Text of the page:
AICc is essentially AIC with a greater penalty for extra parameters. Using AIC, instead of AICc, when n is not many times larger than k^{2}, increases the probability of selecting models that have too many parameters, i.e. of overfitting. The probability of AIC overfitting can be substantial, in some cases.^{[9]}^{[10]}
Brockwell & Davis (1991), which is the standard reference for linear time series, state "our prime criterion for model selection [among ARMA models] will be the AICc".^{[11]} McQuarrie & Tsai (1998) ground their high opinion of AICc on extensive simulation work with regression and time series. Burnham & Anderson (2004) say that, since AICc converges to AIC as n gets large, AICc—rather than AIC—should generally be employed.
Note that if all the candidate models have the same formula for AICc and the same k, then AICc and AIC will give identical (relative) valuations; hence, there will be no disadvantage in using AIC instead of AICc. Furthermore, if n is many times larger than k^{2}, then the correction will be negligible; hence, there will be negligible disadvantage in using AIC instead of AICc.
History
The Akaike information criterion was formulated by the statistician Hirotugu Akaike; it was originally named "an information criterion". It was first announced by Akaike at a 1971 symposium, the proceedings of which were published in 1973.^{[12]} The 1973 publication, though, was only an informal presentation of the concepts.^{[13]} The first formal publication was in a 1974 paper by Akaike.^{[2]} As of October 2014, the 1974 paper had received more than 14000 citations in the Web of Science: making it the 73rd most-cited research paper of all time.^{[14]}
The initial derivation of AIC relied upon some strong assumptions. Takeuchi (1976) showed that the assumptions could be made much weaker. Takeuchi's work, however, was in Japanese and was not widely known outside Japan for many years.
AICc was originally proposed for linear regression (only) by Sugiura (1978). That instigated the work of Hurvich & Tsai (1989), and several further papers by the same authors, which extended the situations in which AICc could be applied.
The first general exposition of the information-theoretic approach was the volume by Burnham & Anderson (2002). It includes an English presentation of the work of Takeuchi. The volume led to far greater use of AIC, and it now has more than 39000 citations on Google Scholar.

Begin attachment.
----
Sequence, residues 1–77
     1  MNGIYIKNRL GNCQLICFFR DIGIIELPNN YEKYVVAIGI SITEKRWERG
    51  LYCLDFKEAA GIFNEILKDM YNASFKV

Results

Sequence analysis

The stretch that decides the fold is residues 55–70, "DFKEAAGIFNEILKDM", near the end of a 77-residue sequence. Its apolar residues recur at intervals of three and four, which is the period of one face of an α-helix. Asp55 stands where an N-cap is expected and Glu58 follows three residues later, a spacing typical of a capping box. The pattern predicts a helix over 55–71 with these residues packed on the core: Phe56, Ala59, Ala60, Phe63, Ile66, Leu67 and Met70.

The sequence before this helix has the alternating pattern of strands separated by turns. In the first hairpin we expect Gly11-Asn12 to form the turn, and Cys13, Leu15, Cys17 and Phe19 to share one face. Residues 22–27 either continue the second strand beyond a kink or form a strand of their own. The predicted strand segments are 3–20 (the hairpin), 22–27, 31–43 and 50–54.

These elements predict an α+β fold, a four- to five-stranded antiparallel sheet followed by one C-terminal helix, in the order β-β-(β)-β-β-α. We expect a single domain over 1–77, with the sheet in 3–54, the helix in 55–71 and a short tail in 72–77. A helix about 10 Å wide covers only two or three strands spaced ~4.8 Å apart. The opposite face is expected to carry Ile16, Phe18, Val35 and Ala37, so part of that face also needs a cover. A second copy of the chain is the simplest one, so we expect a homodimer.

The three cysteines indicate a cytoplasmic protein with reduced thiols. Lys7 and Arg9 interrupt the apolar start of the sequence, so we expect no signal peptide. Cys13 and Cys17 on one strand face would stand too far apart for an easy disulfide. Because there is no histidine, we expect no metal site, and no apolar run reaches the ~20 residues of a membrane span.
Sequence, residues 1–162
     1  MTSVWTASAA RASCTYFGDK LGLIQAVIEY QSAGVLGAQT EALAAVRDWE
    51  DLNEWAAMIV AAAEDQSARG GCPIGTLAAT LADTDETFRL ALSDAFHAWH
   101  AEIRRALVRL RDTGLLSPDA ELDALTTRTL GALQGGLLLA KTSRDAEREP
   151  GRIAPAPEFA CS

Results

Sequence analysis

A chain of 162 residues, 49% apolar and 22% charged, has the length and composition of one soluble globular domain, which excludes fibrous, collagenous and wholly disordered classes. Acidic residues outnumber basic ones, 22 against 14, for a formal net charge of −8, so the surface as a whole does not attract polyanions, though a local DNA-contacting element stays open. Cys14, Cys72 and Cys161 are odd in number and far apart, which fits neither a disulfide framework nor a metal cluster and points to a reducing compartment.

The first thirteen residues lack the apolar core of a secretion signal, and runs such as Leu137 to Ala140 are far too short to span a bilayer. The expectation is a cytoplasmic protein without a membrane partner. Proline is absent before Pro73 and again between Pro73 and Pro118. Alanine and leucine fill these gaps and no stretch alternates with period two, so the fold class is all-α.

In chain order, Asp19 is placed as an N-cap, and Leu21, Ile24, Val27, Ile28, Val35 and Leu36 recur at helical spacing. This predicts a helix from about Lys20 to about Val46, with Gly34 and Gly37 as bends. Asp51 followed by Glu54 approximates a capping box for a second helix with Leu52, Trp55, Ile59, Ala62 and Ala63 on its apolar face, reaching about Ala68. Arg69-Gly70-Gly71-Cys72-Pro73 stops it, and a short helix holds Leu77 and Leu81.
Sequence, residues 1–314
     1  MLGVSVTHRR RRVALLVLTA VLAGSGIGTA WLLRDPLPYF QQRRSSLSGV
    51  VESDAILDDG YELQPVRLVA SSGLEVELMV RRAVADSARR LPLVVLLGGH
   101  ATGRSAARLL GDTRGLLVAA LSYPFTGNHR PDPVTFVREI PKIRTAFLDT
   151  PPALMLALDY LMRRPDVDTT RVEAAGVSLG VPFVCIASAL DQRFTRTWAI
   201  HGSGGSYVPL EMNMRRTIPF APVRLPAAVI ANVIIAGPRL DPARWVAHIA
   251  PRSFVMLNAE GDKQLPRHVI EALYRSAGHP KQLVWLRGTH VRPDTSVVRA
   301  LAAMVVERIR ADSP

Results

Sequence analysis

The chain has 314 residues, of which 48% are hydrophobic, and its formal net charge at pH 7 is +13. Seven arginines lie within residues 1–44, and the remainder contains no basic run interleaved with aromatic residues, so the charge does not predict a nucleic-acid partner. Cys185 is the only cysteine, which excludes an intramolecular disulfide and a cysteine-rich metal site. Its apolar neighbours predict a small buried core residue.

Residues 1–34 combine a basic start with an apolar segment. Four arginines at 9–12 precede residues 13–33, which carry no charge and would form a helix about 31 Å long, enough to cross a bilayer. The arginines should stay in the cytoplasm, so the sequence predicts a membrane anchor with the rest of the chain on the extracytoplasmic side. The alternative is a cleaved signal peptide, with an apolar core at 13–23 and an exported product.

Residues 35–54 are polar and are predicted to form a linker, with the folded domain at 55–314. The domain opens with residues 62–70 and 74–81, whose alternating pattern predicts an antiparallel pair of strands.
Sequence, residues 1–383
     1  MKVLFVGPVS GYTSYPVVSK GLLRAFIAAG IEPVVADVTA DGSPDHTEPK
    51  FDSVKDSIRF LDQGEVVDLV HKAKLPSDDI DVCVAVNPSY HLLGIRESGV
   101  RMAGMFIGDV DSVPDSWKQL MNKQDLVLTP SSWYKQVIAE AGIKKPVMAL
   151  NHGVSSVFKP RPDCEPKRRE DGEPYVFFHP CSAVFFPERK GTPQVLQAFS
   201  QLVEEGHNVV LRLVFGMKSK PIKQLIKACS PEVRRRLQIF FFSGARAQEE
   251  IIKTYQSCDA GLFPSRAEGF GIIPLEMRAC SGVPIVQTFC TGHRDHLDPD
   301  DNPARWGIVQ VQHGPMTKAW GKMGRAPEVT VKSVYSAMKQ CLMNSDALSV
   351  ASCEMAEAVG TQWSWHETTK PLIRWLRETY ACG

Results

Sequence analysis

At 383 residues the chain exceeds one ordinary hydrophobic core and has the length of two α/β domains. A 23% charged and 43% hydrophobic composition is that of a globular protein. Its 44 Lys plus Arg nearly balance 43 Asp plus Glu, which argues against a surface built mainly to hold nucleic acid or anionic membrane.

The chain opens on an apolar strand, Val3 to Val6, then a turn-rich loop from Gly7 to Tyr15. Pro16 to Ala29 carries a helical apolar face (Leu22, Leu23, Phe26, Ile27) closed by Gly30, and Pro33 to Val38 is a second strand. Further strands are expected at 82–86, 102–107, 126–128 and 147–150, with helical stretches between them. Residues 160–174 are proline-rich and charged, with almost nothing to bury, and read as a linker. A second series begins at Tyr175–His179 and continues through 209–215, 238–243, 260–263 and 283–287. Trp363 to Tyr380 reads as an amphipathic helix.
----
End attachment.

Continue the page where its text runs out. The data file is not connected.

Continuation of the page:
Akaike called his approach an "entropy maximization principle", because the approach is founded on the concept of entropy in information theory. Indeed, minimizing AIC in a statistical model is effectively equivalent to maximizing entropy in a thermodynamic system; in other words, the information-theoretic approach in statistics is essentially applying the Second Law of Thermodynamics. As such, AIC has roots in the work of Ludwig Boltzmann on entropy. For more on these issues, see Akaike (1985) and Burnham & Anderson (2002, ch. 2).
Usage tips
Counting parameters
A statistical model must fit all the data points. Thus, a straight line, on its own, is not a model of the data, unless all the data points lie exactly on the line. We can, however, choose a model that is "a straight line plus noise"; such a model might be formally described thus: y_{i} = b_{0} + b_{1}x_{i} + ε_{i}. Here, the ε_{i} are the residuals from the straight line fit. If the ε_{i} are assumed to be i.i.d. Gaussian (with zero mean), then the model has three parameters: b_{0}, b_{1}, and the variance of the Gaussian distributions. Thus, when calculating the AIC value of this model, we should use k=3. More generally, for any least squares model with i.i.d. Gaussian residuals, the variance of the residuals’ distributions should be counted as one of the parameters.^{[15]}
As another example, consider a first-order autoregressive model, defined by x_{i} = c + φx_{i−1} + ε_{i}, with the ε_{i} being i.i.d. Gaussian (with zero mean). For this model, there are three parameters: c, φ, and the variance of the ε_{i}. More generally, a pth-order autoregressive model has p + 2 parameters. (If, however, c is not estimated, but given in advance, then there are only p + 1 parameters.)
Transforming data
The AIC values of the candidate models must all be computed with the same data set. Sometimes, though, we might want to compare a model of the response variable, y, with a model of the logarithm of the response variable, log(y). More generally, we might want to compare a model of the data with a model of transformed data. Following is an illustration of how to deal with data transforms (adapted from Burnham & Anderson (2002, §2.11.3): "Investigators should be sure that all hypotheses are modeled using the same response variable").
Suppose that we want to compare two models: one with a normal distribution of y and one with a normal distribution of log(y). We should not directly compare the AIC values of the two models. Instead, we should transform the normal cumulative distribution function to first take the logarithm of y. To do that, we need to perform the relevant integration by substitution: thus, we need to multiply by the derivative of the (natural) logarithm function, which is 1/y. Hence, the transformed distribution has the following probability density function:
—which is the probability density function for the log-normal distribution. We then compare the AIC value of the normal model against the AIC value of the log-normal model.
Software unreliability